Contact US

Log In

Come Join Us!

Are you a
Computer / IT professional?
Join Tek-Tips Forums!
  • Talk With Other Members
  • Be Notified Of Responses
    To Your Posts
  • Keyword Search
  • One-Click Access To Your
    Favorite Forums
  • Automated Signatures
    On Your Posts
  • Best Of All, It's Free!

*Tek-Tips's functionality depends on members receiving e-mail. By joining you are opting in to receive e-mail.

Posting Guidelines

Promoting, selling, recruiting, coursework and thesis posting is forbidden.

Students Click Here

COBOL Copybook Explaination

COBOL Copybook Explaination

COBOL Copybook Explaination

I have been asked to create a cobol copybook from a data dictionary. I have never used cobol or made a data dictionary. This is copybook will then be used wiith the program Data Junction. I have a sample of the data dictionary but I do not understand it. If someone could please help explain to me how to read and define what goes where. Like S9 and value(9) and so forth.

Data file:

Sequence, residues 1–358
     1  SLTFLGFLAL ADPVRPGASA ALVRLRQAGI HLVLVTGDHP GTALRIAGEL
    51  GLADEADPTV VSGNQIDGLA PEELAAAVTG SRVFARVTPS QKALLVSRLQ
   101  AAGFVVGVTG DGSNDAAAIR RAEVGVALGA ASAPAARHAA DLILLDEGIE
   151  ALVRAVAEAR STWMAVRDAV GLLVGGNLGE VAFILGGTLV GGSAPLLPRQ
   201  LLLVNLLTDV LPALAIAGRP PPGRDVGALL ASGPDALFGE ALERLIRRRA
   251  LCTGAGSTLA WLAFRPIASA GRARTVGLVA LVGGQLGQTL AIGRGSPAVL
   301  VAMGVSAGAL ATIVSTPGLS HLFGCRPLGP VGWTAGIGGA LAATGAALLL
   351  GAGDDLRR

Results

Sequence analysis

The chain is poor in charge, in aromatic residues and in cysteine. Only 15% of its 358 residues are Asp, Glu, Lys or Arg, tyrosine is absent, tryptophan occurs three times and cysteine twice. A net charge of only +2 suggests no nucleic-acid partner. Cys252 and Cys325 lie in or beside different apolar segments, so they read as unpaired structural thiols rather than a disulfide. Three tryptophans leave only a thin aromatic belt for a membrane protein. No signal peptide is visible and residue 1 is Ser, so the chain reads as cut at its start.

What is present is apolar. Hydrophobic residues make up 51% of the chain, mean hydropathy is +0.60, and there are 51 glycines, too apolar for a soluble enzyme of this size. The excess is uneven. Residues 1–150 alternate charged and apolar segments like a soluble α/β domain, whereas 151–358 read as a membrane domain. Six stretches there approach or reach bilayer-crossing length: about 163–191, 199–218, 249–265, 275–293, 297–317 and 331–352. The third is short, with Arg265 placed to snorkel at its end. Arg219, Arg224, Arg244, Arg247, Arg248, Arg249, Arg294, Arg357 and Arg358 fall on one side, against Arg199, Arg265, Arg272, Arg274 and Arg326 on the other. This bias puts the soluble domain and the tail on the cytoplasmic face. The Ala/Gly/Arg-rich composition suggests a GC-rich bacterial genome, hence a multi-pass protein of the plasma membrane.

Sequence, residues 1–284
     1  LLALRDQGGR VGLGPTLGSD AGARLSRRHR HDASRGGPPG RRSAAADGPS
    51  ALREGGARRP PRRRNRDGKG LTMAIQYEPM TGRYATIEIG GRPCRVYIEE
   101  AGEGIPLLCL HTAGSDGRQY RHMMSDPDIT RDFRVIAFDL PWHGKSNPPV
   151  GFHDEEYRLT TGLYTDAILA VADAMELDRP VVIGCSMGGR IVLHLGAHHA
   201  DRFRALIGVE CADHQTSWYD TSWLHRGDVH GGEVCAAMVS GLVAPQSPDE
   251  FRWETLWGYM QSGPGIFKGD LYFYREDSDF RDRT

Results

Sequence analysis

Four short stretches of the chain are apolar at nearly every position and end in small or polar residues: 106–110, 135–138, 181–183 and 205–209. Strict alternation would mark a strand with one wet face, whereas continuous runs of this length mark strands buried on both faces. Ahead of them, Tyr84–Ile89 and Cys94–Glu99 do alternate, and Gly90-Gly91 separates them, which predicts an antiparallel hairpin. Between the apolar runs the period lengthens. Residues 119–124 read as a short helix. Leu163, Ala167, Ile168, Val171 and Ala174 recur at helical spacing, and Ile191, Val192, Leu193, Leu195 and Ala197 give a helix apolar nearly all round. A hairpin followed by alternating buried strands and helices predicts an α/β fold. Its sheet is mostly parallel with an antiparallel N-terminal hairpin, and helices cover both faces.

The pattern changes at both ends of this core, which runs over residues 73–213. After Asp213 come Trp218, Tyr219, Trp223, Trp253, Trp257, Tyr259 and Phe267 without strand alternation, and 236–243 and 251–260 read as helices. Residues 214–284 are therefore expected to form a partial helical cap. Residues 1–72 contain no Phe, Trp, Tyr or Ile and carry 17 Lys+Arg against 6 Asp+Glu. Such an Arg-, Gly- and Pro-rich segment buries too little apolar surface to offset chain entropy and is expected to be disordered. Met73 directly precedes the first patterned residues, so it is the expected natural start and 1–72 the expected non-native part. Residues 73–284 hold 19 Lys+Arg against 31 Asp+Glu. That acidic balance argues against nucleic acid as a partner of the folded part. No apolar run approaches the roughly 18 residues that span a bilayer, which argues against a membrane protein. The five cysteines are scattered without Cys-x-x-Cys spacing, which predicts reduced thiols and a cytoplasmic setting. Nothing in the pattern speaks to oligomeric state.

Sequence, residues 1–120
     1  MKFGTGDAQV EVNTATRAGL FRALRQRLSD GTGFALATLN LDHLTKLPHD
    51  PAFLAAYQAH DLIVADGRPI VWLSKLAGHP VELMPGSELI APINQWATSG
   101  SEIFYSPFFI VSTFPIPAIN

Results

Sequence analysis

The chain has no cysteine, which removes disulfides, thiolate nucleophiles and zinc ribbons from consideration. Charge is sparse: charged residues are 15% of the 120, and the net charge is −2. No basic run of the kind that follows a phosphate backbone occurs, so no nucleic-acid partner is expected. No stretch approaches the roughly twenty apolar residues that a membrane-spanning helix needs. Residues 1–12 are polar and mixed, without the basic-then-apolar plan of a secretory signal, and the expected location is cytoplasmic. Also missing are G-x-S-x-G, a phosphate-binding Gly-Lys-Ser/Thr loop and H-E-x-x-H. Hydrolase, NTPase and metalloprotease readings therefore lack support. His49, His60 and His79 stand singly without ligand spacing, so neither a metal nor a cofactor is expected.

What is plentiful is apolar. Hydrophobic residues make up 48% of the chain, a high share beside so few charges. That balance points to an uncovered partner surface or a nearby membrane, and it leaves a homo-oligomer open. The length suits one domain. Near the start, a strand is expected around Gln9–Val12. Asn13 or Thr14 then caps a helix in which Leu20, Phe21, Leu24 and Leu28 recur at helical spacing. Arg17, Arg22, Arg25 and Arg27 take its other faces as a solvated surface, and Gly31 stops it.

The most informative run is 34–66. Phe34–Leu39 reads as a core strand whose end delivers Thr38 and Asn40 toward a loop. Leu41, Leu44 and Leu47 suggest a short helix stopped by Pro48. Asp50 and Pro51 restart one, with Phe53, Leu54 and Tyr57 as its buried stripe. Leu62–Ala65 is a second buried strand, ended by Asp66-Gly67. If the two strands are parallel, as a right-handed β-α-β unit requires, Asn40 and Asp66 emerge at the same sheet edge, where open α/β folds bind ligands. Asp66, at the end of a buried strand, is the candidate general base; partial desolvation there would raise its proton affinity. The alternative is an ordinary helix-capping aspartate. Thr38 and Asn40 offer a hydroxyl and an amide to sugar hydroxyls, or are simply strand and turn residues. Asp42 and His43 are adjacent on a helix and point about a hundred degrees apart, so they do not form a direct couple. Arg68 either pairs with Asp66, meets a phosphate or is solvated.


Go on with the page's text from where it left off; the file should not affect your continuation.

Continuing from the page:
RE: COBOL Copybook Explaination

If all you are looking for is an example copybook.......here ya go!

01   PKLR1-DETAIL-LOAN-RECORD.                                   
    10  PKLR1-BASIC-SECTION.                                     
        20  PKLR1-SORT-CONTROL-FIELD.                            
            30  PKLR1-USER-IDENT         PIC X(1).               
            30  PKLR1-EXTRACT-CODE       PIC X(1).               
                88  PKLR1-DATE-RECORD            VALUE '*'.      
                88  PKLR1-DATA-RECORD            VALUE '0'.      
                88  PKLR1-END-OF-FILE            VALUE '9'.      
            30  PKLR1-SECTION            PIC X(1).               
            30  PKLR1-TYPE               PIC X(1).               
            30  PKLR1-NUMERIC-STATE-CODE PIC X(2).               
            30  PKLR1-CONTRACT-NUMBER    PIC X(10).              
        20  PKLR1-PAR-PEN-REG-CODE       PIC X(1).               
        20  PKLR1-VALUATION-CODE.                                
            30  PKLR1-MORTALITY-TABLE    PIC X(2).               
            30  PKLR1-LIVES-CODE         PIC X(1).               
            30  PKLR1-FUNCTION           PIC X(1).               
            30  PKLR1-VAL-INTEREST       PIC S9(2)V9(3) COMP-3.  
            30  PKLR1-MODIFICATION       PIC X(1).               
            30  PKLR1-INSURANCE-CLASS    PIC X(1).               
            30  PKLR1-SERIES             PIC X(5).               
        20  PKLR1-POLICY-STATUS          PIC X(2).